Oxford also showed its support for the allied cause by offering aid to some of the Belgian and Serbian refugees who arrived in Britain in 1914 and 1915. Two hundred Belgian and 150 Serbian refugees arrived in Oxford and the colleges rallied round to provide support. In the Governing Body minutes of 10th March 1915, it is recorded that a letter was read "from Miss Eleanor R. Price, asking the College to lend furniture, bedding, crockery, & various utensils for the use of Belgian refugees in Oxford. It was Resolved that Miss Price be informed that she can borrow from the College such crockery as can be spared for the purpose". Lectures were also held at Pembroke as part of a ‘Kosovo day’ on 28th June 1916 to celebrate Serbian Independence Day.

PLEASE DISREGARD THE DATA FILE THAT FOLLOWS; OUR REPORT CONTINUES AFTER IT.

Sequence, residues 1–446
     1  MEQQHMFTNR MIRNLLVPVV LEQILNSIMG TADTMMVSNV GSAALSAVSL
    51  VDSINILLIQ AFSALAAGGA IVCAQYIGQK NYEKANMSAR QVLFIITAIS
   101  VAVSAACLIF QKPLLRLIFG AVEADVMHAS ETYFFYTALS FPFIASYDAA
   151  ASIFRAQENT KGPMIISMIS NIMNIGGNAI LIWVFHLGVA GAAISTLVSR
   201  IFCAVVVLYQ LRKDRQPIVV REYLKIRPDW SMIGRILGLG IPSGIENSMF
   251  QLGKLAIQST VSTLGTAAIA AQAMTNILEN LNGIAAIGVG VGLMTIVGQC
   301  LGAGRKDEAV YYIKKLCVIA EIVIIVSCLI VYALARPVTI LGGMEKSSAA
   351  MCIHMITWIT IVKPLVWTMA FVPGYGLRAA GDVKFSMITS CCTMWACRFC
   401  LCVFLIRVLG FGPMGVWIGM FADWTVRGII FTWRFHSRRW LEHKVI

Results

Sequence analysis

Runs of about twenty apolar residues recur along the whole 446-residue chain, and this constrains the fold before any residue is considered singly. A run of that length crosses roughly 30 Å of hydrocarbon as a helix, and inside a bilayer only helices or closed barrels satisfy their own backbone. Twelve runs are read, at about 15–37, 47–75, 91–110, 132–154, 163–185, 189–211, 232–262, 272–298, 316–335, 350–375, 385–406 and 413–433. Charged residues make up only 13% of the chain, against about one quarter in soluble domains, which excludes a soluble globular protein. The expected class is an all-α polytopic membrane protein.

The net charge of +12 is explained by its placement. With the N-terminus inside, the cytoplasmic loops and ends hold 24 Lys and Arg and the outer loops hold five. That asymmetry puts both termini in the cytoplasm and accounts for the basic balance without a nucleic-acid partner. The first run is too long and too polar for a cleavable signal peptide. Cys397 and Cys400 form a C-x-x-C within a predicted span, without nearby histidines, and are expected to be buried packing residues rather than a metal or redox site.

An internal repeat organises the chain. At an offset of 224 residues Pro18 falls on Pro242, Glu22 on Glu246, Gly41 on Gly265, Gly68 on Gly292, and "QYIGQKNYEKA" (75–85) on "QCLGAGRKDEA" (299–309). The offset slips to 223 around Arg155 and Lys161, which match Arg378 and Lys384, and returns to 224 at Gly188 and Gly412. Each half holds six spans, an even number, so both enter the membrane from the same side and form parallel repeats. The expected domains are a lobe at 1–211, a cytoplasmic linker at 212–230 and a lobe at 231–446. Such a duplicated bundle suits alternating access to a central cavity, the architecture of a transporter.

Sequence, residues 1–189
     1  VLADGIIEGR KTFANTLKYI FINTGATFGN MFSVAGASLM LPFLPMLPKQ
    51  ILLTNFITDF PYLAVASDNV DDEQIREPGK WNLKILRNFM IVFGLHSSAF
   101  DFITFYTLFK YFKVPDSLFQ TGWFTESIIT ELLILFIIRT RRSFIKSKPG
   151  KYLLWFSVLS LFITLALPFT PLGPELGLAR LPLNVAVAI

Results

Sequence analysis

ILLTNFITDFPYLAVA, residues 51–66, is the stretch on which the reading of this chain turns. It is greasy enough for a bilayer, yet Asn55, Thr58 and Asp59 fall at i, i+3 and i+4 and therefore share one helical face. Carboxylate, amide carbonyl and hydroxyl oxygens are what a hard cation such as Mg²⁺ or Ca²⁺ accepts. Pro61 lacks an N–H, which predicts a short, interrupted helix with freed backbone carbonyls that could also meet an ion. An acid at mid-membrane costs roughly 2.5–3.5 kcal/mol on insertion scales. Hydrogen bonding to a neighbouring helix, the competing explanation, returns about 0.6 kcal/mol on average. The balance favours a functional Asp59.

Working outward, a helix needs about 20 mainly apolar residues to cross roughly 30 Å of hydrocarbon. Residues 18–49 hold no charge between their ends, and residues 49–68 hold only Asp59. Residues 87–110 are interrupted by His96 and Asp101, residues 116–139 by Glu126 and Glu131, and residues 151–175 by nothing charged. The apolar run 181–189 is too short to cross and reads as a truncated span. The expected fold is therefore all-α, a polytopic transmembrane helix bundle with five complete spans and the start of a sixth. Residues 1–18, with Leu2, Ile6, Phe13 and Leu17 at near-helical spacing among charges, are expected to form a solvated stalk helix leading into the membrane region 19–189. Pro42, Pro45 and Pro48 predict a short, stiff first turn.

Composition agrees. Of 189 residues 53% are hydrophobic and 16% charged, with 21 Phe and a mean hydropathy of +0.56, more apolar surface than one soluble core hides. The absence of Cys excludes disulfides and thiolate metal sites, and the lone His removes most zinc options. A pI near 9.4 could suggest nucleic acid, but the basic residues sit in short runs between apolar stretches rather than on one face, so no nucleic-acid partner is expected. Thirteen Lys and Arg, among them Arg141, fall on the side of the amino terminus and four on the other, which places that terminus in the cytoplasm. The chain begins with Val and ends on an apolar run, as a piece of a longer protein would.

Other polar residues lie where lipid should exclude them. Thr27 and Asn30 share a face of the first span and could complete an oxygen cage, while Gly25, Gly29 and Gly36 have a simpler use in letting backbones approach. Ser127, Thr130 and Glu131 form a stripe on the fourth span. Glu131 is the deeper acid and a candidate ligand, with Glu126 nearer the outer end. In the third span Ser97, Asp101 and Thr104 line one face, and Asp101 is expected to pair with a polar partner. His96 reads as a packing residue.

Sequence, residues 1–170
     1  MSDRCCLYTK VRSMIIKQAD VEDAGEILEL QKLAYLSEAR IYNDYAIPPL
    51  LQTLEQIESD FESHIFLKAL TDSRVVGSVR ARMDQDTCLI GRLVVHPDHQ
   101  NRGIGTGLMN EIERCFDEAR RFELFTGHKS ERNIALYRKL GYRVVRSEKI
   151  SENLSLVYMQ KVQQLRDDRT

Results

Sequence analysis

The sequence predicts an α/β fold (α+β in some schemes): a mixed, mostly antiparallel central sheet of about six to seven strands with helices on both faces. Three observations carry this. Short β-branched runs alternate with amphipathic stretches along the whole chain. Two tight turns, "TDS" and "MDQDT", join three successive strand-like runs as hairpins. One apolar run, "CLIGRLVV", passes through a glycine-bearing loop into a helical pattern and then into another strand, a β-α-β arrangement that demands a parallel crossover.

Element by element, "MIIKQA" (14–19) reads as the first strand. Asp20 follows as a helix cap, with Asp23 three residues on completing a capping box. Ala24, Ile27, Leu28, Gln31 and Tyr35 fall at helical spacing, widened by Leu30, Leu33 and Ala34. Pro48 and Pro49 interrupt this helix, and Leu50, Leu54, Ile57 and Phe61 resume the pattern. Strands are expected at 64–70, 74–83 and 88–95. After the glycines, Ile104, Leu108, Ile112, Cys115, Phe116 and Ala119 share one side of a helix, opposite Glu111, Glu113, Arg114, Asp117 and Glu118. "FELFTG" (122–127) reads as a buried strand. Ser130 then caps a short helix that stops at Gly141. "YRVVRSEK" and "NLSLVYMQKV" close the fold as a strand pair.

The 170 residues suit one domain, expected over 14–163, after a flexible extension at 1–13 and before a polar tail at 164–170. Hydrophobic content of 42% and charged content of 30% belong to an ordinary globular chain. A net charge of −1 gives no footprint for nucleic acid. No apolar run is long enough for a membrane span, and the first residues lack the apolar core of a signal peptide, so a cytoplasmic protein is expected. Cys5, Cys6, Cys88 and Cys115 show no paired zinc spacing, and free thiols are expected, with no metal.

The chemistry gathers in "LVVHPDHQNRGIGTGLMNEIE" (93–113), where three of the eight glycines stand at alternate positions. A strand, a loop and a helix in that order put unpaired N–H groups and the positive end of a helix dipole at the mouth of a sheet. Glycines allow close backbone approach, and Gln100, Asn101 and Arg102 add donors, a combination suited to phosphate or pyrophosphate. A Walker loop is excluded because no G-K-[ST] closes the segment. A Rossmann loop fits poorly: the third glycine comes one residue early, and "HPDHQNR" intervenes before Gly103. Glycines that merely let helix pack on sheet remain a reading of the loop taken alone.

It was not until 1916 that the College addressed concerns about its own vulnerability to enemy aircraft. At a Governing Body meeting of 15th March 1916 "It was Resolved that the College buildings and Oxford property be insured against damage from aircraft; and the Bursar was authorised to consult with Mr. Cuthbert Lake and take out a policy of insurance in accordance with his advice". At a meeting of 3rd May, it was reported that a policy had been taken out with Lloyd’s "for £10,000 at a premium of £15.0s.6d, subject to possible minor adjustments, to insure the College fabric, No.94 St Aldate’s, Nos. 12, 13 & 14 Pembroke Street, & No.11 Beef Lane against damage from enemy aircraft". As well as protecting the fabric of the College, consideration was also given to its staff. On 8th December, the Servants’ Committee presented a report to Governing Body, suggesting the allocation of a sum of £55.10s "to the relief of those servants on the staircases who were suffering from the effects of war". This was approved and further grants were made throughout the war.